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From eirik.ly...@evita.no
Subject Re: Rollover for each day ? Is this possible ??
Date Fri, 19 Jan 2001 12:37:01 GMT
Since I'm partly to blame :-), my few cents:

1) I don't have any strong opinions about threads vs checking each-time. I 
guess I chose checking each time because it seemed simpler to implement.

2) "My" appender uses a configurable file format, making it possible to 
customize the file format. Through this, it's simple to have files which 
roll over every week, every month, every day of the month, every weekday, 
etc.

Since the file format maps directly to SimpleDateFormat, it ought to be 
flexible enough for most uses. If the rollover frequency changes, it is 
also possible to specify filenames which vary by the hour, or even 
(theoretically) the millisecond.

Eirik

++++++++++
Eirik Lygre
eirik.lygre@evita.no
e-vita as, Stortorvet 3, Oslo
Mobil: (+47) 905 66476
Fax: (+47) 23 35 70 51





Anders Kristensen <akristensen@dynamicsoft.com>
19.01.2001 13:00

 
        To:     LOG4J Users Mailing List <log4j-user@jakarta.apache.org>
        cc:     roberto.leong@sibs.mailcom.pt, eirik.lygre@evita.no, 
olivier.dedieu@inria.fr, tomcat-dev@jakarta.apache.org, 
java-apache-framework@list.working-dogs.com
        Subject:        Re: Rollover for each day ? Is this possible ??


A couple of comments. JDK 1.3 comes with timer classes in
java.util.Timer and TimerTask. They don't have the functionality of cron
but that could be built on top if necessary. Using the timer
infrastructure of java.util has the advantage that fewer threads will be
created overall in a system, and also it just makes sense to use JDK
functionality when it's there. Sure some folks aren't using JDK 1.3 --
maybe there's a downloadable library that implements the java.util timer
functions like there is for the collections lib.

Also, I think that when using rolling log files one would usually like
to roll over on boundaries and not just with a certain periodicity [if
that's even a word]. For example, one might want to roll over daily at
midnight, rather than just daily at the time the server happened to be
restarted at last.

Anders


Ceki Gulcu wrote:
> 
> Jim,
> 
> Ooops! I got a DateRollingAppender from you too? Eirik Lygre has also 
sent
> me one. Roberto Leong has too. Their contributions are attached.
> Jim, can you please repost your contribution on this list? I seem to 
have
> lost it. Sorry, I haven't been handling this item particularly well.
> 
> What I would like to see is the following:
> 
> 0) Keep in mind that log4j is not in the quickie business. Much of the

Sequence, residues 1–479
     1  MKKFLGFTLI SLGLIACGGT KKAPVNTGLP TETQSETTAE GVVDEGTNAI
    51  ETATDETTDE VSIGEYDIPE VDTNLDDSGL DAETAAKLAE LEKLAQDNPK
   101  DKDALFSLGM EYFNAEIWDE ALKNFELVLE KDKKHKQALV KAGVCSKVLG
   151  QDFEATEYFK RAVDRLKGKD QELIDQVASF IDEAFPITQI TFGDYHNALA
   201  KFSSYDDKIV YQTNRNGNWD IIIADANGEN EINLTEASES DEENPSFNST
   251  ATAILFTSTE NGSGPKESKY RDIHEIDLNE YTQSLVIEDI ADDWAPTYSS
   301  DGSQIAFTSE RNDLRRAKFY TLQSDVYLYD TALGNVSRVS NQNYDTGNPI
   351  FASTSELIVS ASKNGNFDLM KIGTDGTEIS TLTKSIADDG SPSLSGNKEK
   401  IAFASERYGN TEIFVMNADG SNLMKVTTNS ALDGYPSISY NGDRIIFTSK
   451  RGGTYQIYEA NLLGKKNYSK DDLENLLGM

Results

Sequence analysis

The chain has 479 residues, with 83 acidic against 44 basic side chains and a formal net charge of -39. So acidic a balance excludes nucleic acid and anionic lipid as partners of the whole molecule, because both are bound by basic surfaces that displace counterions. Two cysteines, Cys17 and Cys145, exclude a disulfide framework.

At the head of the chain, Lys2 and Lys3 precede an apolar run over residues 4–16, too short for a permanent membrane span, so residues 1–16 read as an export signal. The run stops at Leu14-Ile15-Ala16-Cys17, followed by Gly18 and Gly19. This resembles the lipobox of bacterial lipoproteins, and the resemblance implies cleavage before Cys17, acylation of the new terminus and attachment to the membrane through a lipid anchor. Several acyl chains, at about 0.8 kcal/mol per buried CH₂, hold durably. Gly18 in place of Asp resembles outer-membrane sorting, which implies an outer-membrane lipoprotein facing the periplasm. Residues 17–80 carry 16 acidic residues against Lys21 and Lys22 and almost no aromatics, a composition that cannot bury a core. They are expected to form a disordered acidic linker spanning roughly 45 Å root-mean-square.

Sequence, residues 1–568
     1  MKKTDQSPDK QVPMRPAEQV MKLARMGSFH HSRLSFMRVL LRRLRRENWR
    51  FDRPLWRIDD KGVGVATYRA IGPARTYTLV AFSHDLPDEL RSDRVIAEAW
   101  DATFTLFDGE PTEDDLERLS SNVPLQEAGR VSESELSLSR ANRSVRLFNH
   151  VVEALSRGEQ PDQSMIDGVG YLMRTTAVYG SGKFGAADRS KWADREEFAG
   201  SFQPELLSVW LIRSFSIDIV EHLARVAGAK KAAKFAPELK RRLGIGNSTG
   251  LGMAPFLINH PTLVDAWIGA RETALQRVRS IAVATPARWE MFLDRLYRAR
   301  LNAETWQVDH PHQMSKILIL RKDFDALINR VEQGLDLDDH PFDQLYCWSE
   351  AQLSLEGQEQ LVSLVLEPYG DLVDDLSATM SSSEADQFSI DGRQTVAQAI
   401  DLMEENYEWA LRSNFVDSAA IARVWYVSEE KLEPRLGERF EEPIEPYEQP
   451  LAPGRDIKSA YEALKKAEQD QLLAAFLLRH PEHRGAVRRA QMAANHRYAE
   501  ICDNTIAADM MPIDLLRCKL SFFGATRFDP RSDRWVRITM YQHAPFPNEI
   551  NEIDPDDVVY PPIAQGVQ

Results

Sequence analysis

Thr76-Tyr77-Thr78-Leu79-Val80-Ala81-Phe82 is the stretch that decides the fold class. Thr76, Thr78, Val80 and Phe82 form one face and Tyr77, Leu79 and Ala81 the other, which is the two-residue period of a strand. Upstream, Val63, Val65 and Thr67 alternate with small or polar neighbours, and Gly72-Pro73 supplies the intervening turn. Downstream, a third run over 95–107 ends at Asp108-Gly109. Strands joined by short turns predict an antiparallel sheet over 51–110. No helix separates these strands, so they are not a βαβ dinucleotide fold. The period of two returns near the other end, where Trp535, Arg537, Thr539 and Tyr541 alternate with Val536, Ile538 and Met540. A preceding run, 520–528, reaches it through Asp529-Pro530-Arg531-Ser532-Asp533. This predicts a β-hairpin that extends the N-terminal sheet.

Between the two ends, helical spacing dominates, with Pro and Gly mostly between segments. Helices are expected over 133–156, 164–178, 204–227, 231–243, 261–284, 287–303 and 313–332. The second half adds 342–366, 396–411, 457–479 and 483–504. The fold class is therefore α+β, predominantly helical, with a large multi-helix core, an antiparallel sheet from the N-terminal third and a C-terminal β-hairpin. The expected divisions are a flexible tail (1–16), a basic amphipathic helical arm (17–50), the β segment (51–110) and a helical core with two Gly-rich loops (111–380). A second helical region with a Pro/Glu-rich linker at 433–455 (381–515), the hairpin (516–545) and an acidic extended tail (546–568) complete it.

> success of the package can be attributed to solving problems well, not 
just
> solving them.
> 
> 1) The new appender should have flexible way of expressing the rollover
> frequency, perhaps in the same format as in the Unix crontabs file which 
I
> belive is also a Posix standard. I am not aware of any library that
> supports this. JDring (http://webtools.dyade.fr/jdring/) seems to have most
> of the functionality needed except parsing the crontab format. Anyone 
know
> anything better?
> 
> As a side note, the omission of a crontab/at functionality in Java core
> libraries seems like a major oversight. Try buying stock a day later 
then
> what the customer ordered. See how many customers stay with your 
brokerage
> house.  :-)
> 
> 2) The new appender should not add any significant overhead to the 
append
> method. If appending to a file takes 100 microseconds in a particular
> environment it should still take 100 microseconds with the new appender.
> 
> There are several possible designs. The first one is to check for the
> rollover condition at each append. This is what Eirik Lygre has done. 
The
> second one is to schedule a thread that will initiate the rollover after
> the appropriate delay. This is what Roberto Leong has proposed.
> 
> The second approach seems more sound to me. One could generalize it by
> using a single timer  thread (as in JDring) to manage multiple time 
based
> RollingAppenders. Your opinion/comments are welcome. Ceki
> 
> ps: I am forwarding this to the Avalon list since they are writing a
> general purpose framework.
> ps: I wonder how Tomcat addresses the issue.
> 
> At 21:45 18.01.2001 -0500, you wrote:
> >Yes, but you need to use a different Appender than 
FileRolloverAppender.
> >I've already written one, but haven't heard back from Ceki about adding 
it
> >to the "package" yet...
> >
> >-Jim Moore
> >
> >-----Original Message-----
> >From: Andrewt Tierney [mailto:andrewt@amcorp.com.au]
> >Sent: Thursday, January 18, 2001 8:02 PM
> >To: 'log4j-user@jakarta.apache.org'
> >Subject: Rollover for each day ? Is this possible ??
> >
> >
> >
> >I see you can set the maxsize and have it automatically rollover the 
log
> >file.
> >
> >Is it possible to force a new log file each day ????
> >
> >Thanks
> >Andrew
> >
> >---------------------------------------------------------------------
> >To unsubscribe, e-mail: log4j-user-unsubscribe@jakarta.apache.org
> >For additional commands, e-mail: log4j-user-help@jakarta.apache.org
> 
> ---
> Freedom as in the capacity to exercise choice.
> 
> ------------------------------------------------------------------------
>                              Name: DailyFileAppender.java
>    DailyFileAppender.java    Type: Plain Text (text/plain)
>                          Encoding: quoted-printable
> 
>    DailyFileAppender1.javName: DailyFileAppender1.jav
>                          Type: Plain Text (text/plain)
> 
> ------------------------------------------------------------------------
> ---------------------------------------------------------------------
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